Lent Day 29: Waiting
But they who wait for the Lord shall renew their strength; they shall mount up with wings like eagles; they shall run and not be weary; they shall walk and not faint.
It is that time of year when we all are filing our income taxes, and hopefully we will get a refund. And if we do, we have to wait on it to arrive. This also is a time when many people are receiving a stimulus check, and we have to wait on that to arrive. For some of us, we have already spent it in our minds before it hits the mail or our bank account. In addition to all that, the vaccine is being rolled out and we have to sign up, when it is our time which we means we have to wait for our turn in the rotation. Then we have to wait to set up an appointment, and then wait for the day we get our shot. Let us not forget, once we get to the location, we have to wait in line for our turn to take the shot, and then three to four weeks for the second shot.
As we can see, in life we have to wait for a lot of things to occur in their proper time. For many of us we just do not like to wait. This includes waiting in the fast-food line, it is just not fast enough. But when you look at the Bible people throughout history had to wait on God’s timing. Abraham had to wait 25 years for a son. Israel had to wait 400 years to get out of Egypt. Joseph had to wait approximately 12 years to get out of prison. Moses was in the desert 40 years before he became the deliverer of God’s choosing. Even Jesus had to wait 30 years before he began his public ministry.
With all this waiting we feel like there has to be a better way. But God uses waiting as his way to prepare us for the future he has for us, and not for us to get distracted by false gods and trust in the wrong life-giver.
Brueggemann helps us see a different way. “We may read life differently and the way to do that is to wait: to wait in eager longing for the God of creation and rescue to work a new way in the world; to wait in keen expectation, to wait in active zeal, receiving every hint of newness and acting on it; to be ready to go for the gift of life, to leave off fear, intimidation, resignation, pooped out-ness as the governance works a newness.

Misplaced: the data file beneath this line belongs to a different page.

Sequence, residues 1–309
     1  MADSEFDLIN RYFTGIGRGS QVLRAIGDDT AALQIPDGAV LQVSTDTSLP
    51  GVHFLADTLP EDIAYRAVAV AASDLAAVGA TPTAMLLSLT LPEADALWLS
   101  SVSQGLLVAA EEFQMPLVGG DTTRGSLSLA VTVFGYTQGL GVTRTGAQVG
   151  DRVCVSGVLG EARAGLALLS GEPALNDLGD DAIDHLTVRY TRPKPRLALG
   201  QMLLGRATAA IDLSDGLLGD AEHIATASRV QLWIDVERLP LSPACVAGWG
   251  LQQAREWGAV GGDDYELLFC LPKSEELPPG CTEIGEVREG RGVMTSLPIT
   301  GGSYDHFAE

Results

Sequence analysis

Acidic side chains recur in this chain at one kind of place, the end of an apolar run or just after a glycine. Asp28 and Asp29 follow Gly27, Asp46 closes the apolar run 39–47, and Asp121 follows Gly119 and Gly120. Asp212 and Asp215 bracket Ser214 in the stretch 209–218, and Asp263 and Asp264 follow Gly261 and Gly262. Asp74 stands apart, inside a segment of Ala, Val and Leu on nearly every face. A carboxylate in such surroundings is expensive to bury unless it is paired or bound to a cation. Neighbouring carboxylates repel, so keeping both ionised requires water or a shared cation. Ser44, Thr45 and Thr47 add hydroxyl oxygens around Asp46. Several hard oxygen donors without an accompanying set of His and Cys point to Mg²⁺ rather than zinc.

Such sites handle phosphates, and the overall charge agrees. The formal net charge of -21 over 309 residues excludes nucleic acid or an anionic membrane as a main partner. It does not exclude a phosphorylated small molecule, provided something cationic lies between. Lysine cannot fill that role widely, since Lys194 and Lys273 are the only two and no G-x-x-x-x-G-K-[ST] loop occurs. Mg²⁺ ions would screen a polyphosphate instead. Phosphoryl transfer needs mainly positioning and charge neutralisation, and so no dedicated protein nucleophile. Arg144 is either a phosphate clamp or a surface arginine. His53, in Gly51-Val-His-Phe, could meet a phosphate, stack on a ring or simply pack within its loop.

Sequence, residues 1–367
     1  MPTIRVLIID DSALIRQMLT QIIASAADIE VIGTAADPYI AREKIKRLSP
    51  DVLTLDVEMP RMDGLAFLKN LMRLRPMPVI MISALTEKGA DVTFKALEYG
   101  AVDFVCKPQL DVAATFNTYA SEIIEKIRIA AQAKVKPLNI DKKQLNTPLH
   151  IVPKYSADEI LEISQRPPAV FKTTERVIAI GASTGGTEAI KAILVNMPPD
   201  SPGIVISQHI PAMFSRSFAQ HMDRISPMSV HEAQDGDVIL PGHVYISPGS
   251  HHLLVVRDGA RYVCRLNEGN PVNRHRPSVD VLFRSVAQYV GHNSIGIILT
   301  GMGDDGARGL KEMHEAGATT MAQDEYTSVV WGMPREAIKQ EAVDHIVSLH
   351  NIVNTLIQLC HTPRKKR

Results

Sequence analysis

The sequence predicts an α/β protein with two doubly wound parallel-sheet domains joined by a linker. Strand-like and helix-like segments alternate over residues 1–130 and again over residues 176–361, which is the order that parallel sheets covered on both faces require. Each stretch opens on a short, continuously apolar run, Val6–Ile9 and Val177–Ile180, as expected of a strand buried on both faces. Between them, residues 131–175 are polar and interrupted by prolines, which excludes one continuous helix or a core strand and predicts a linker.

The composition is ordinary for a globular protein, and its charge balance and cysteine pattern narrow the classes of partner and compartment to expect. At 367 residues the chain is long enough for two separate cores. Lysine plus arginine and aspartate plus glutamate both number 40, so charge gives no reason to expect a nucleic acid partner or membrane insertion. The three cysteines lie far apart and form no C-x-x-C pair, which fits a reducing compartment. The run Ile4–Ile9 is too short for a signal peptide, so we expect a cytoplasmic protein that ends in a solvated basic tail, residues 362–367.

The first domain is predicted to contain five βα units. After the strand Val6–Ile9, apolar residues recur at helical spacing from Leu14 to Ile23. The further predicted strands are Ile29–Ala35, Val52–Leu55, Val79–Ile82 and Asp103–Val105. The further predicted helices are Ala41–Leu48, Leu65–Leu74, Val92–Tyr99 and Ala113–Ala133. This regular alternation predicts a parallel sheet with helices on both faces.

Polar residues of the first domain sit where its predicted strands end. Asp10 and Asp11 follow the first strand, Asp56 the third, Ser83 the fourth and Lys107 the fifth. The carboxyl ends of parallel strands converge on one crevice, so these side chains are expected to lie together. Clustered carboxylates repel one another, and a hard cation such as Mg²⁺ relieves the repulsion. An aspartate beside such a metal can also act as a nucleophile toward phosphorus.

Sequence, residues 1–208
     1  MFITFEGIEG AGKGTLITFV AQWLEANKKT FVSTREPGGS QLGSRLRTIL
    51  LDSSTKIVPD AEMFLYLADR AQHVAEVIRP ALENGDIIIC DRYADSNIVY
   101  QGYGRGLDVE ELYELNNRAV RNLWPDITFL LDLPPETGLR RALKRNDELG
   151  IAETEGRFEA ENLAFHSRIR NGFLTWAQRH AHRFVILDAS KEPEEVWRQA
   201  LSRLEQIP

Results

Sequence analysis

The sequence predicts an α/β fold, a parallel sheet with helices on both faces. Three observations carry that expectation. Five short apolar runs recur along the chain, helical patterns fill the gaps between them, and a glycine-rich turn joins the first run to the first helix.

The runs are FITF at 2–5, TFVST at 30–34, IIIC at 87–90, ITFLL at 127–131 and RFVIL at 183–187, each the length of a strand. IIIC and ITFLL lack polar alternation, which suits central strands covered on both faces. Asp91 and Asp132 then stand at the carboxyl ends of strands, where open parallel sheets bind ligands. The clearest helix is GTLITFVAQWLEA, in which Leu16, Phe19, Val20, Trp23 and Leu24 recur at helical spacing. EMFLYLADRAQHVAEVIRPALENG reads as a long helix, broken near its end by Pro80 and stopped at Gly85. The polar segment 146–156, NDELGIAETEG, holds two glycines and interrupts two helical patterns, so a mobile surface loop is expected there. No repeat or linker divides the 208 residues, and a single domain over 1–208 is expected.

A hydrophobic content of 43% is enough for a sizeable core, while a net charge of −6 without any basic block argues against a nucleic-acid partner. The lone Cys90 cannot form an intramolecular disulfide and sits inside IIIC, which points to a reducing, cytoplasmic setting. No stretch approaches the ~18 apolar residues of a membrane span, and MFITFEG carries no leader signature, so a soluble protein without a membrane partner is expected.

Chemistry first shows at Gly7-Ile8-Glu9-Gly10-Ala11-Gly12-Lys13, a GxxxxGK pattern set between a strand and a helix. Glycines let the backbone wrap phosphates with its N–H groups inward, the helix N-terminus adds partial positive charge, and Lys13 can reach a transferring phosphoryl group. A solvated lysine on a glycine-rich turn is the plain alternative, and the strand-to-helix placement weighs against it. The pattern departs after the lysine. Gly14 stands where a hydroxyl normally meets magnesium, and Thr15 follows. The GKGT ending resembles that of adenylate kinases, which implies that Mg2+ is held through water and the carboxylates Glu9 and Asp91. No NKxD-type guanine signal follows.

In our waiting for the Lord we begin to experience a reordering of our world and the world around us. The texts below help us in that transfiguration.
Lead me in your truth and teach me, for you are the God of my salvation; for you I wait all the day long.
Wait for the Lord; be strong, and let your heart take courage; wait for the Lord!
Be strong, and let your heart take courage, all you who wait for the Lord!
I waited patiently for the Lord; he inclined to me and heard my cry.
I will thank you forever, because you have done it. I will wait for your name, for it is good, in the presence of the godly.
For God alone my soul waits in silence; from him comes my salvation.
For God alone, O my soul, wait in silence, for my hope is from him.
It is in our times of waiting that we are able to override despair, invite hope, respond to our waiting, and start living in the world as free people again, “Outside the regime of weariness.”
In our times of waiting, we can choose a different reality other than the rat race of the world. An alternative reality not rooted in self-preoccupation or in the deadening of stability, but in the awesome reality, that brings new life in the simplicity of waiting. Waiting so that we can gain new strength and mount on wing like eagles, run and not get weary, walk and not faint, as we wait.
“Teach us, O God, to wait in eager anticipation of your salvation. In this waiting, may we discover the promised blessings of new strength, new courage, new freedom, and new life. Amen.” Brueggemann